In bid to start new F1 team, Michael Andretti encouraged by receiving direction in Miami

Michael Andretti Formula One
Joe Skibinski/Penske Entertainment

MIAMI GARDENS, Florida — Michael Andretti walked through the Formula One paddock quite literally going door-to-door. He wants into the most exclusive club in motorsports and figured pleading his case to the current team bosses was his best shot.

Andretti carried with him a white Miami Dolphins folder – he said he borrowed it from the promoters of the inaugural Miami Grand Prix last weekend – and inside was a piece of paper asking the 10 current F1 team leaders to support the addition of Andretti Global to the grid.

By the time he made it to the end of the paddock, Andretti’s chances seemed grim. He left his conversation with Red Bull principal Christian Horner – held in the outdoor, open area of Red Bull hospitality – with only two signatures. Horner did not sign.

MAY IS HERE AT IMS: Details, schedules for watching the Indy 500 and prelims on NBC Sports

BUDDING RIVALRY? Graham Rahal on what’s ahead with Romain Grosjean

Andretti didn’t even bother going next door to Mercedes, where boss Toto Wolff has not wavered in his opposition to adding teams because he believes that would dilute profits for those on the grid.

Andretti, who also mingled with other celebrities at the event, was discouraged but not defeated. By the time Sunday’s race began, he felt a lot better about his chances of returning the Andretti name to F1.

Andretti told The Associated Press he had an encouraging meeting with F1 CEO Stefano Domenicali. He said the same thing to new FIA president Mohammed Ben Sulayem when they spoke before the race.

“We finally have some direction,” Andretti told AP. “It’s the first time we’ve been given any direction on how to make this happen.”

Just when it seemed that Andretti had no shot at cracking the country club – there’s a $200 million buy-in fee – he was given hope. It had to have been encouraging that Sulayem, who was elected head of F1’s governing body in December, not only recognized Andretti but stopped to lean into his ear for an exchange in which Sulayem did most of the talking.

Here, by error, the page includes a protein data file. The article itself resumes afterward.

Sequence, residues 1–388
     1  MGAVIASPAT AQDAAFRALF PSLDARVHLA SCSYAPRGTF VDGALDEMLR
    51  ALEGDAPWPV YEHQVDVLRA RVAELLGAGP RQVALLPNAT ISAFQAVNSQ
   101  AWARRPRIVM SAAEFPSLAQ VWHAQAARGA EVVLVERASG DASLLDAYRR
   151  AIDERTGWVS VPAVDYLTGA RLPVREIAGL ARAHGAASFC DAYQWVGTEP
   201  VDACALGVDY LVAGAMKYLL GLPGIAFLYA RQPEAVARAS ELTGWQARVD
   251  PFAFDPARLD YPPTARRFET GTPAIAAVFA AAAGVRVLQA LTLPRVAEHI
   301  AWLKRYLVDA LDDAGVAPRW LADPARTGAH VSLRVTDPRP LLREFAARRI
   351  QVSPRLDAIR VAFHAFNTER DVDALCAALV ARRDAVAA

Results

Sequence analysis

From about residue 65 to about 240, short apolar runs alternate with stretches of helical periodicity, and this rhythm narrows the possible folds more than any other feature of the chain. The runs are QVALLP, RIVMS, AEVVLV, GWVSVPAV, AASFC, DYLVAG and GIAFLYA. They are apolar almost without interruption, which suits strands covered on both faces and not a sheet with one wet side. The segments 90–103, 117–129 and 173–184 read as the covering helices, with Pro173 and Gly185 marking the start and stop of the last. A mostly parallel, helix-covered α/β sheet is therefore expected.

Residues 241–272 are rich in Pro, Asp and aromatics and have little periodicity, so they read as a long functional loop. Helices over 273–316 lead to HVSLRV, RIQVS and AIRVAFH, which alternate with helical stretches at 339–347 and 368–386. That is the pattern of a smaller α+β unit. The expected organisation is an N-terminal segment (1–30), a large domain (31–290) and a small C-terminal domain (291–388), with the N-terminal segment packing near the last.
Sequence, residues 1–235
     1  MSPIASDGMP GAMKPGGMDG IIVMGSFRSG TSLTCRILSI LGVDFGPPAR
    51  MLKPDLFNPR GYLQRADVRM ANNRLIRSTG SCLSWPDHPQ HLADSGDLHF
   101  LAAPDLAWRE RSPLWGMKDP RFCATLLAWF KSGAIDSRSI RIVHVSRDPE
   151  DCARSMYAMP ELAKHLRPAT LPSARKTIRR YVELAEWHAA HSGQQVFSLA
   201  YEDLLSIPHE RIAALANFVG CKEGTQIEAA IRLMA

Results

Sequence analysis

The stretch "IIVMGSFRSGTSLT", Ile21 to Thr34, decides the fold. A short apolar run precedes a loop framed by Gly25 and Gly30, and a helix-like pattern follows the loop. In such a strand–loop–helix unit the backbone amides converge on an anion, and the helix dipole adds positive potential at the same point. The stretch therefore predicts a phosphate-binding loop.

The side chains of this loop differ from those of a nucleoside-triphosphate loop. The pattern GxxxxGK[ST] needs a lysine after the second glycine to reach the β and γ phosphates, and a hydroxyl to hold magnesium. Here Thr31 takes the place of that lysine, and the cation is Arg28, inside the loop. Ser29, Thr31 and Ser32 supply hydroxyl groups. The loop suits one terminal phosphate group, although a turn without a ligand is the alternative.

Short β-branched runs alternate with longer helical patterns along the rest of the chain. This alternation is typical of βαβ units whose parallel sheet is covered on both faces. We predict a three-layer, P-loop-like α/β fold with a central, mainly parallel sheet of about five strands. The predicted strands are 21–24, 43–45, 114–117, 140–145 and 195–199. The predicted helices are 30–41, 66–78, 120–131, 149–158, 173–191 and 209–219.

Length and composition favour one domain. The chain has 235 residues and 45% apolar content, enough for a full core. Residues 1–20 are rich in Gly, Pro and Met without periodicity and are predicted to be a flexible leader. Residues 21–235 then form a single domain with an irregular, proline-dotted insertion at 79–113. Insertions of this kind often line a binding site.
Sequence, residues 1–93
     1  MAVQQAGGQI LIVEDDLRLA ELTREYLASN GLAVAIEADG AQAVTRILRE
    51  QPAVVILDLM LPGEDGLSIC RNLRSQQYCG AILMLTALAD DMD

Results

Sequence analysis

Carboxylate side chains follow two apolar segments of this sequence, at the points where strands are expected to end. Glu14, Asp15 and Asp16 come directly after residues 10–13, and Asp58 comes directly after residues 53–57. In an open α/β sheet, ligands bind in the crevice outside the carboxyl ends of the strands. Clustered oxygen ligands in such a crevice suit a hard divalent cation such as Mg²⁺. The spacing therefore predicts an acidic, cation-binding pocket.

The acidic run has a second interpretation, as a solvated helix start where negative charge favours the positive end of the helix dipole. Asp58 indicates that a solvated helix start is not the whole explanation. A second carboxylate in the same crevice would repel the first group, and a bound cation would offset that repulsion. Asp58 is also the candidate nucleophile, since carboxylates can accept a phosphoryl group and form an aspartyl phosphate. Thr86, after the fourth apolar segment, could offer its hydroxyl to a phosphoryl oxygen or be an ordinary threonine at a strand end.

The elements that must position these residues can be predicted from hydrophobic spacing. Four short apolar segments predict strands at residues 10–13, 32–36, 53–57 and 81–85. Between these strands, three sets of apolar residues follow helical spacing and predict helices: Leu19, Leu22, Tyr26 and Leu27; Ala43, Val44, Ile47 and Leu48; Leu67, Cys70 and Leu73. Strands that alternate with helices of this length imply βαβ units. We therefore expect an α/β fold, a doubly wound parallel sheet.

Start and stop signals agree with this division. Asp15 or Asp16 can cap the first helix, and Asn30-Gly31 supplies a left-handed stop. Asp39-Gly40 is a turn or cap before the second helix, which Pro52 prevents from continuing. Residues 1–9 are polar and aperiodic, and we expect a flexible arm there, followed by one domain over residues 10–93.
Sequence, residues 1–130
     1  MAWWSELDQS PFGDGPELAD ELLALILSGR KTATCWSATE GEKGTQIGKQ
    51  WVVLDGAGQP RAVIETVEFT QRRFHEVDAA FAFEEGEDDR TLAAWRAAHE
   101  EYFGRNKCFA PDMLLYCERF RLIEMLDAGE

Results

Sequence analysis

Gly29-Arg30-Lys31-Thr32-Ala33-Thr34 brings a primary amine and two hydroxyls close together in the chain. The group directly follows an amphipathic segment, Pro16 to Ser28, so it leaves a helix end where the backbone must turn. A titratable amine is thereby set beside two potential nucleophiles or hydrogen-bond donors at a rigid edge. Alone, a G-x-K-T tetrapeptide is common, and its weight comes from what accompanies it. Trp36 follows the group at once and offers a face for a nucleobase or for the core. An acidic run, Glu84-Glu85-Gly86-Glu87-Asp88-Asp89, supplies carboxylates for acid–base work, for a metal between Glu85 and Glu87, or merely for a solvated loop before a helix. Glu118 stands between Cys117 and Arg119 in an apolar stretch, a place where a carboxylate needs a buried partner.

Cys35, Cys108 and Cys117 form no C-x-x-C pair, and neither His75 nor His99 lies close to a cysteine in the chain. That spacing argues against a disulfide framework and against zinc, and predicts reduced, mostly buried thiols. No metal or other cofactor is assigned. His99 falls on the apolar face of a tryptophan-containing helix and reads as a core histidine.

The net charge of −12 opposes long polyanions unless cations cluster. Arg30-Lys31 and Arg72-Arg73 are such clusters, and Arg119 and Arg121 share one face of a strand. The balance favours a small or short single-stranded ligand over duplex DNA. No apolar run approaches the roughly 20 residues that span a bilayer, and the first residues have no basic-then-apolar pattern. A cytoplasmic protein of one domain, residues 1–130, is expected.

The Andretti effort to field an American team was the talk of F1’s first race in Miami. The North American market at last has embraced the series – Sunday’s race on ABC was the most-watched live F1 race in U.S. history – and Andretti wants to expand the famed racing name.

Mario Andretti, Michael’s father, is the 1978 F1 champion and one of the greatest drivers in motorsports history. But there has not been an American driver in F1 since Alexander Rossi in 2015. The only current American team is Haas F1, which is owned by California businessman Gene Haas, partially headquartered in North Carolina but does not employ any American drivers.

Michael Andretti, who spent the 1993 season commuting back and forth from the U.S. to Europe to drive for McLaren in F1, wants to put IndyCar driver Colton Herta of California in his seat.

Andretti maintains he’s committed to a true effort and argues an American team with an American driver can only add to F1’s financial worth. He figures Andretti involvement will help all existing teams court North American sponsorship.

Wolff has yet to see any benefit to expanding the grid to anyone and estimates F1’s current successful teams have “put more than a billion into the Formula 1 projects over the years.”

“We have 10 entries today, we divide the prize fund among those 10 entries,” Wolff said. “If a team comes in, how can you demonstrate that you’re bringing in more money than it’s actually costing? The 11th team means a 10% dilution for everybody else. So, if one is able to demonstrate that, then we should all be sitting on the table and cheer for such an entry. But that hasn’t been demonstrated yet.”

Zak Brown, the head of McLaren Racing, joined Alpine CEO Laurent Rossi as the only F1 team leaders to sign Andretti’s form in Miami. Brown, a Californian, has a long relationship with the Andrettis and announced Tuesday he will let Mario Andretti drive a McLaren F1 car at the U.S. Grand Prix in October.

He believes Andretti Global would be a benefit.